Dr Omar Khorshid - Sydney COVID-19 outbreak

21 Dec 2020

Transcript:AMA President, Dr Omar Khorshid, Seven Network, Sunrise with Matt Doran and Belinda Russell, Monday, 21 December 2020
Subject: Sydney COVID-19 outbreak

Dr Omar Khorshid on Sunrise to discuss the Sydney COVID-19 outbreak

MATT DORAN: Sydney's COVID outbreak in Sydney has really escalated, with tough new restrictions now in place for the entire region. Household gatherings have been limited to 10 visitors, only 300 people are allowed at hospitality venues and places of worship.

BELINDA RUSSELL: Singing and chanting at indoor venues is banned, as is dancing, except at weddings where there are exceptions. Now residents are also asked not to visit any aged care facilities.

MATT DORAN: For more, we're joined now by the President of the Australian Medical Association, Dr Omar Khorshid. Doctor, thank you very much for being with us. Look, the next few days really are, it seems, going to make or break us, not just here in New South Wales, but beyond as we look at these border closures. Should the New South Wales Government, in your opinion, be going harder?

OMAR KHORSHID: Morning, Matt. Look, what the New South Wales Government has done is absolutely critical. We've got to get on top of this outbreak quickly to avoid the disaster that we saw in Melbourne, and we know that some of the other State Premiers would have gone harder, they would have gone with a short, sharp lockdown like we saw in South Australia. That was heavily criticised, but geez, it worked, didn't it? It really stamped out the virus, and they were able to get back to normal pretty quickly. Not sure yet whether that's going to be necessary in New South Wales, but the next couple of days are going to be absolutely critical, and it’s important that everyone in New South Wales does the right thing at this critical time.

BELINDA RUSSELL: Yeah, we've had a few very public outbreaks. Of course, the big outbreak in Victoria, then there was South Australia, and then there was Sydney's other outbreak at the Crossroads Hotel at Casula. Do you see that what is happening in the Northern Beaches is similar to any of those three events?

OMAR KHORSHID: Look, what we do know is that New South Wales has a good track record at getting on top of these smaller outbreaks, and some actually quite big outbreaks. But they did it at a time when there was more social distancing going on, more concern in the community. And what we've done more recently is we've relaxed; everyone around the country has relaxed, and that's why this outbreak is actually more dangerous than any we've seen before in New South Wales.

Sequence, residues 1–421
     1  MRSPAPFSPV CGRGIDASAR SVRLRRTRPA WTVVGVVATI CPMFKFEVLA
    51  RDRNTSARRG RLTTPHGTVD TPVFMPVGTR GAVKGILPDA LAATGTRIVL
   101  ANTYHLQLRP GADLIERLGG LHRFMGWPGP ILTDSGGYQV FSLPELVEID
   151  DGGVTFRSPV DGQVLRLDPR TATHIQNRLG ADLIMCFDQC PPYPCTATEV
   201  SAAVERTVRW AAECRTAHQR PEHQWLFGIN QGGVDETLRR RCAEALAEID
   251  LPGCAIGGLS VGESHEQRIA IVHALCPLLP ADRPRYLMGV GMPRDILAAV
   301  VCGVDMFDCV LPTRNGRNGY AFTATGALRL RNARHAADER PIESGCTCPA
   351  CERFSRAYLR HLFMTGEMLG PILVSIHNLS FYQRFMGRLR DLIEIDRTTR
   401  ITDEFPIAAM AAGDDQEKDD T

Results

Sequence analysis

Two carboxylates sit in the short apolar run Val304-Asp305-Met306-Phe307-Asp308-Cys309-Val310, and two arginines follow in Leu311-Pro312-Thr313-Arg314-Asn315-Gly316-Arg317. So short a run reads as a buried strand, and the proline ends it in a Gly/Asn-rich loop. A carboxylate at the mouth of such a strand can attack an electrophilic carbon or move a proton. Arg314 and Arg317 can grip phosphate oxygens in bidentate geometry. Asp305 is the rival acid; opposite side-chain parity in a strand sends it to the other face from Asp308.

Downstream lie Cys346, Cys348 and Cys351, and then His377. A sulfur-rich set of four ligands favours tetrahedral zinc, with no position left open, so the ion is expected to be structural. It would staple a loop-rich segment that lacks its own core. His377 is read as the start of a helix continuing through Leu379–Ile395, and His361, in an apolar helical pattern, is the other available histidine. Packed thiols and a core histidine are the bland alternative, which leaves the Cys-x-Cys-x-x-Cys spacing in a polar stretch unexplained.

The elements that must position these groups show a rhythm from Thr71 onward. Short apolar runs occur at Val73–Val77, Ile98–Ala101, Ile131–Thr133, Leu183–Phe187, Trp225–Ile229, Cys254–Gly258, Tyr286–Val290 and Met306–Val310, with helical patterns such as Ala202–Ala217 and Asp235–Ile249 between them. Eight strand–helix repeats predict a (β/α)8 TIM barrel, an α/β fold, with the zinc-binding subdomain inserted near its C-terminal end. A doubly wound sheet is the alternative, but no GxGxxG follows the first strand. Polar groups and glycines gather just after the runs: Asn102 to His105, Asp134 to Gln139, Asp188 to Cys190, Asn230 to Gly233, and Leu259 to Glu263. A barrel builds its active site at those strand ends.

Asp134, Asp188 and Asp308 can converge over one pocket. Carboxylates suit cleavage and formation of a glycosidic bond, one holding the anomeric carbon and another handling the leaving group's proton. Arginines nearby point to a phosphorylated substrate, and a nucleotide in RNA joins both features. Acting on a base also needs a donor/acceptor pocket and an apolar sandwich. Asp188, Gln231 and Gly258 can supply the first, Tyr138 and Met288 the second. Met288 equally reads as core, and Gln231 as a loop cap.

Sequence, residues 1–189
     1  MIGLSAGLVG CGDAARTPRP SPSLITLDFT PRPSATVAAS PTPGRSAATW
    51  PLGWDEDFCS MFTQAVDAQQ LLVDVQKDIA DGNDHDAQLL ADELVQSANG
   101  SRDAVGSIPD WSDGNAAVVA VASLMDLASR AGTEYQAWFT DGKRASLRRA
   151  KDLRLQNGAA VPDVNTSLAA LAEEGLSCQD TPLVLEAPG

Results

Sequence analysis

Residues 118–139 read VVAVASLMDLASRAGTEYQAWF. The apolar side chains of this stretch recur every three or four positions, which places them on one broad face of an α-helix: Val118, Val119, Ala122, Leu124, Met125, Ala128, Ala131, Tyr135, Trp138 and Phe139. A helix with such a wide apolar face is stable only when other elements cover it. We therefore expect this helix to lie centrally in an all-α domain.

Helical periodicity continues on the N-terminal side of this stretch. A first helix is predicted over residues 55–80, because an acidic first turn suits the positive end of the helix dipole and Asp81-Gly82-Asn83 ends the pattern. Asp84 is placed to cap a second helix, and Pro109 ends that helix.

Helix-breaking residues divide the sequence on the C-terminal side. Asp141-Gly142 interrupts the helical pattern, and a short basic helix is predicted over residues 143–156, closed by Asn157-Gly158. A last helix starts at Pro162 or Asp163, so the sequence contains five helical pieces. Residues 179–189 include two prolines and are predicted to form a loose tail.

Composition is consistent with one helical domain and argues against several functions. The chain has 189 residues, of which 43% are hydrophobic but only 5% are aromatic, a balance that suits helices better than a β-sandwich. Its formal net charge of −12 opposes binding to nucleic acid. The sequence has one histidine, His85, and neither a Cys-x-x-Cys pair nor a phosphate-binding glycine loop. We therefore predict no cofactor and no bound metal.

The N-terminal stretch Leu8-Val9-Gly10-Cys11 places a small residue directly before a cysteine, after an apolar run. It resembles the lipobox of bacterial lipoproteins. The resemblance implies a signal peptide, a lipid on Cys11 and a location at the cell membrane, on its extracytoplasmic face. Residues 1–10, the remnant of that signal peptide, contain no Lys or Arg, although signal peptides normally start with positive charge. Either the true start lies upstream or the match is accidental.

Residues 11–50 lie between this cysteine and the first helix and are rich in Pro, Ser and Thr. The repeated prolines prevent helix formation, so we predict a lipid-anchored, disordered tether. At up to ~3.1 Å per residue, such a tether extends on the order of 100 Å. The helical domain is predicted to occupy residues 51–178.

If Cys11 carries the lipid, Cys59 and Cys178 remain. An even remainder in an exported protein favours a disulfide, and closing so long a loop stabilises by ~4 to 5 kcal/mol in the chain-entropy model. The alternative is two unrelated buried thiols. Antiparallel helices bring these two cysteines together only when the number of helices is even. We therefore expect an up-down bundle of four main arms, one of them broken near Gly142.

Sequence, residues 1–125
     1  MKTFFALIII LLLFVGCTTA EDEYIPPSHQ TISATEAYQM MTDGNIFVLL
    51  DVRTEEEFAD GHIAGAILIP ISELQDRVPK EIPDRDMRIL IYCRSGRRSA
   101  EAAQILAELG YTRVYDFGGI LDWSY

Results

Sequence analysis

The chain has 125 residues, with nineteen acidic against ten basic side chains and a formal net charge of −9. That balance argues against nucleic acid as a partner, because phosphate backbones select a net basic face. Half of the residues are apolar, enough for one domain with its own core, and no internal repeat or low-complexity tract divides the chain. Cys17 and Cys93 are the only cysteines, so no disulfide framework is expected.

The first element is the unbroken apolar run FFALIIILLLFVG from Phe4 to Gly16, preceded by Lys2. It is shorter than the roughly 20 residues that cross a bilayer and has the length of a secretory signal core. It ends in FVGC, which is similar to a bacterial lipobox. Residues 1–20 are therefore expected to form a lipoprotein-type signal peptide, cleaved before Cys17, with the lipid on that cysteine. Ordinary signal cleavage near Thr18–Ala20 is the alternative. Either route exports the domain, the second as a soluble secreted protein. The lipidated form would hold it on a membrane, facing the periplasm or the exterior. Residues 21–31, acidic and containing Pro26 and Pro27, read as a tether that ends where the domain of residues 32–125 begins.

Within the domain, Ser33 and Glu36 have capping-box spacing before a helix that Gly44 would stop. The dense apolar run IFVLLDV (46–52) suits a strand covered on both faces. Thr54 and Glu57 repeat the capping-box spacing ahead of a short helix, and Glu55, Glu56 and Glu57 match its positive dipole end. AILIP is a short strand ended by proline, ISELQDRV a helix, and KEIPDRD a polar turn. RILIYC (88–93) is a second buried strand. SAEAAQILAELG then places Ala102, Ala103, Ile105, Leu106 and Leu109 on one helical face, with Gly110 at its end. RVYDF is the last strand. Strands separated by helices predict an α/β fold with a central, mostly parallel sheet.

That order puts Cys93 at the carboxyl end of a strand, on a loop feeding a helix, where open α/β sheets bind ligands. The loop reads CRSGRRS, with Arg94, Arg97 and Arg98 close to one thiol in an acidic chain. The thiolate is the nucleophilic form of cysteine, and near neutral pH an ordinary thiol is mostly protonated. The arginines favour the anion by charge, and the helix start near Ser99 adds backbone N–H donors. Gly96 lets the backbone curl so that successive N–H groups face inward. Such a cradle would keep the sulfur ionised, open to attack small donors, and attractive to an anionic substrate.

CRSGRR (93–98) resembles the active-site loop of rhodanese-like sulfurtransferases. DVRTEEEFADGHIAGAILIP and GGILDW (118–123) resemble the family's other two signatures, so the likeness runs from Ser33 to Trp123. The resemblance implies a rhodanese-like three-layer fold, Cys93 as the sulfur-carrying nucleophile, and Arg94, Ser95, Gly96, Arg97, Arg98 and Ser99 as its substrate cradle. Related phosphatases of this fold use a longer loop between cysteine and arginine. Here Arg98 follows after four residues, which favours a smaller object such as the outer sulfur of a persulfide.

MATT DORAN: Doctor, I certainly don't want to take anything away from what authorities are doing in New South Wales, the contact tracers and others are doing a wonderful job. But you're the head of the Australia Medical Association, I find it alarming to have just heard you say you're not sure yet whether tougher restrictions are needed. By that I mean, why would we take the risk? Don't you think we should just go into a brutal, hard lockdown now, in case we're wrong?

OMAR KHORSHID: Look, what we've seen is Australians enjoy not having to put up with the restrictions. So, one really good option, and probably what I would do if I was Gladys Berejiklian, is actually say, you know, let's do it. Let's do a South Australian-style, short, sharp, less than a week lockdown - I know it's almost Christmas, it would so painful. But it would be a way to give your contact tracers the ability to get it done, you'll not be chasing up hundreds and hundreds and hundreds of people, you're chasing smaller numbers, and then after a few days, start to wind back, and then you're back to normal. Now, that [indistinct]…

MATT DORAN: [Talks over] Make masks mandatory as well, Doctor?

OMAR KHORSHID: Look, I think so. We see Sydney people doing the right thing, they're out and about with their masks on. But it's a really unambiguous message if you say to the community, look, you've got to wear your masks. It's mandatory, everyone's going to do it, let's all do it together.

BELINDA RUSSELL: Alright. Well, Dr Omar Khorshid, we appreciate your time this morning. Thank you.

OMAR KHORSHID: Morning guys.